Friday, June 24, 2011

Rest in Peace, Gene Colan - Romance Comic Book Artist Extraordinaire

Sad news struck the comic book industry early this morning -- Gene Colan has passed away. Primarily known for his work on Daredevil, Howard the Duck and Tomb of Dracula, Gene was also a prolific romance artist. Gene had been on my mind lately and I think that is why I posted a "Reach for Happiness!" episode just the other day. He had been ill for quite some time, so while not completely unexpected, his death is nonetheless a time for reflection. Below, are a few images which I feel eloquently capture Colan's distinct 1960s and '70s romance work for DC and Marvel.

Colan excelled at illustrating the sadness
that sometimes accompanies romantic relationships
.

"Love is Two Strangers!"
Secret Hearts #101
(January 1965)

On the other end of the emotional spectrum,
Colan drew kisses effortlessly, and with a high degree of intimacy.


"A Visit to a Lost Love!"
Young Love #56
(July/August 1966)

Colan's romance work was realistic and never
shied away from the vulnerabilities inherent in romance.


"Diary of a Broken Heart"
Young Romance #144
(October/November 1966)

Gene's 1970s pencils for Marvel helped to show his range.
Colan's characters most definitely knew how to have fun!

Inks by Dick Ayers
"Born to be Unloved?"
My Love #8
(November 1970)

Youth and movement were not things Colan
took for granted in the pages of the romance comics.


Inks by Dick Ayers
"I Loved You Once -- Remember?"
My Love #9
(January 1971)

Gorgeous layouts and sweeping
cinematic scenes came naturally for Colan.


Inks by Dick Ayers
"He's Hers, But -- I Want Him!"
Our Love Story #21
(February 1973)

Rest in peace, Mr. Colan

♥♥♥

9 comments:

  1. One of the Greats. His work will live forever. A longer retrospective would be awesome in the future. A BOOK, even, to showcase his unique style

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  2. All Gene's comics seem to have had romance at the heart, whether boy meets girl or the romance of adventure. Sorely missed doesn't even begin to describe the loss to comics fans of my generation. My heart and prayers go out to his family and friends. Thanks for the great tribute here Jacque.

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  3. Really nice tribute, Jacque - it just further highlights what a truly prolific master artist Colan was. He will indeed be missed.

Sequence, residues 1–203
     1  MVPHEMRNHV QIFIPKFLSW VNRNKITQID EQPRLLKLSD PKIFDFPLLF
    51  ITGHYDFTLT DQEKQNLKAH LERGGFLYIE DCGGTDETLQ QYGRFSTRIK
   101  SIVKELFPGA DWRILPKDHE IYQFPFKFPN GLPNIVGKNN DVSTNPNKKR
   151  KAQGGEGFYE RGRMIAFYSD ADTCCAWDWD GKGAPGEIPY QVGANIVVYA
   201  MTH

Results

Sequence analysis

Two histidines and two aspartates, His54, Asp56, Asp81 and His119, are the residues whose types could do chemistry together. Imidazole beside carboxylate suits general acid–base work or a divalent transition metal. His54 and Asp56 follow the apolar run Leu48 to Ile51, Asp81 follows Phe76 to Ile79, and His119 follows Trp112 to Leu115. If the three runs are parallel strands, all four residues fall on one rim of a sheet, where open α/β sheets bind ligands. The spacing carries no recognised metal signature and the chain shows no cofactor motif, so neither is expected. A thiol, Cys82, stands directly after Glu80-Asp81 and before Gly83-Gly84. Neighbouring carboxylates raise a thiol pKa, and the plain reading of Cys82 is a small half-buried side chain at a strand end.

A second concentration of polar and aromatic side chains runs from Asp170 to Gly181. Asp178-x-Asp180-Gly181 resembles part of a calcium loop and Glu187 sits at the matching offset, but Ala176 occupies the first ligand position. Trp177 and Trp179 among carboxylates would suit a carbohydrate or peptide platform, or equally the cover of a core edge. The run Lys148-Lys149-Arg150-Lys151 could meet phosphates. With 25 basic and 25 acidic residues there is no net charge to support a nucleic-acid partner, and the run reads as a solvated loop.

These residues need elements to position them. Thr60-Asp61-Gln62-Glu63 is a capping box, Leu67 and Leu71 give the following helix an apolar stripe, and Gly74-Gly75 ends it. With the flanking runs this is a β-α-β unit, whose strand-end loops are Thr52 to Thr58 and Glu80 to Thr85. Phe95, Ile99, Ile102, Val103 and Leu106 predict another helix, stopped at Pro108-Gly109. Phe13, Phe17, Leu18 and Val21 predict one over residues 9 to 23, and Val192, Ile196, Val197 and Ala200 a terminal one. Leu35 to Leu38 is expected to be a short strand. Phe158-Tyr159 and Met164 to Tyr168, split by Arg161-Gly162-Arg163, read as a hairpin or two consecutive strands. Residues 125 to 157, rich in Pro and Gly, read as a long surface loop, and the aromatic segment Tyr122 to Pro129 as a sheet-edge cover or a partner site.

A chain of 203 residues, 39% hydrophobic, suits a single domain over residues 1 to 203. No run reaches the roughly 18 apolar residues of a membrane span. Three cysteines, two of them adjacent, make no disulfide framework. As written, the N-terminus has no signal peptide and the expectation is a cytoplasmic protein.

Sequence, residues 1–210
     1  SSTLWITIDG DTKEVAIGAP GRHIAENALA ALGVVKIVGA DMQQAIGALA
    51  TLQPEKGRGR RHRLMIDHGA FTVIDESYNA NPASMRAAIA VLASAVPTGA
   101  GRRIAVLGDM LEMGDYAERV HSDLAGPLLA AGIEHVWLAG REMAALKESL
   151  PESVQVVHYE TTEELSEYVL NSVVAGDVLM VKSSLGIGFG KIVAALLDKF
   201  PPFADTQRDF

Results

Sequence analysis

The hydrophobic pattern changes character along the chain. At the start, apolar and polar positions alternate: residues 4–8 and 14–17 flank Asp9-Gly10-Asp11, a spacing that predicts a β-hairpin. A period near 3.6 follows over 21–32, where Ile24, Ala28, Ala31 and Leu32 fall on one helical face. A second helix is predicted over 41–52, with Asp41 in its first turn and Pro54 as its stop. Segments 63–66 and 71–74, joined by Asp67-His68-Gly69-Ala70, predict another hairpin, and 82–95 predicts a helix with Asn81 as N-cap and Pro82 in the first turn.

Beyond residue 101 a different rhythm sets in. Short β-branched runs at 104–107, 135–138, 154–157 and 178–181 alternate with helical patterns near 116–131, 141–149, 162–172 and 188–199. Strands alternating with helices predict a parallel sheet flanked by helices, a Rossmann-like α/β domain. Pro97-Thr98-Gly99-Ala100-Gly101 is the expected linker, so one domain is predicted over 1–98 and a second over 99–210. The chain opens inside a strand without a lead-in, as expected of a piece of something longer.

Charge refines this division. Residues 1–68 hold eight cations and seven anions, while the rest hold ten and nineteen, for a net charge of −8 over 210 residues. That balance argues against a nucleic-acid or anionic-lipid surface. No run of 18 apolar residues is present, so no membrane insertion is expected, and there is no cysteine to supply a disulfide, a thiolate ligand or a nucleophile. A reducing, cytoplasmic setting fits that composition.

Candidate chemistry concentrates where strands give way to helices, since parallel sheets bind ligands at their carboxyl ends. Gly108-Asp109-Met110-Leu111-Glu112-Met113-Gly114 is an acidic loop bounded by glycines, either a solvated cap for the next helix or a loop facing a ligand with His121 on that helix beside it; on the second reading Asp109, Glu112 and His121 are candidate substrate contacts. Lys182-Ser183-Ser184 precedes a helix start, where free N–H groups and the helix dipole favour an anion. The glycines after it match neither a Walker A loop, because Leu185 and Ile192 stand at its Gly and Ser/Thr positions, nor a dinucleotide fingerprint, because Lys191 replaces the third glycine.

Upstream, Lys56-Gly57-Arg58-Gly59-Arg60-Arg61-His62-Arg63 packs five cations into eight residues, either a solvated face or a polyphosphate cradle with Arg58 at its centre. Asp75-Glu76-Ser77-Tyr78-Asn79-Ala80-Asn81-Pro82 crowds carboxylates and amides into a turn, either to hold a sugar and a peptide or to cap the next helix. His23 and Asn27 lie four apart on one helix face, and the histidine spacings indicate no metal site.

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  4. One of the truly unique stylists in comics, Colan leaves behind a body of work that stands testament to his great talent. There was -- and is -- no one else like him: he didn't so much tell stories with pictures, but shades and texture. A very sensuous style where form was king.

    @Lysdexicuss: there are several books about Colan. "Secrets in the Shadows" was a good one.

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  5. Gene was one of the unique artists in comics. He could draw just about anything well, from westerns to crime to horror, and everything in between. I came to his romance comics late in the game, but his beautiful rendition of women and expressive emotions in the super hero sagas of Daredevil, Iron-Man and Captain America made it clear he was exceptional in that area as well.

    Speaking of romance, I recall one particular scene in Daredevil where Matt has an awkward moment with Karen and she fixes his glasses. It perfectly conveyed a very real emotion. On a personal level I was thrilled to have met him and his wife Adrienne over the years. A perfect gentleman and a kind soul.

    Nick C.

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  6. Interesting to see his romance work here, since I know Colan's art primarily from Dr. Strange and Tomb of Dracula. A great loss.

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  7. i love this tribute! thank you Jaque

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  8. I'm a little late on catching up on comments, but a big thank you everyone for sharing your remembrances of Gene. He will definitely be missed... and thank you, Erik, for stopping in. I am so sorry for your loss, and my thoughts continue to be with your family at this hard time.

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  9. Colan is a perfect example of what was right in old comics and lacking in today's comics. Because he drew everything, particularly romance comics, his superhero work had real people and real emotions. Today we have fanboys who became artists who read nothing but characters in long underwear punching each other in the face. One of my favorite comics ever was a Colan Black Widow from Amazing Adventures #5. Imagine, a superheroine who shows real emotion!

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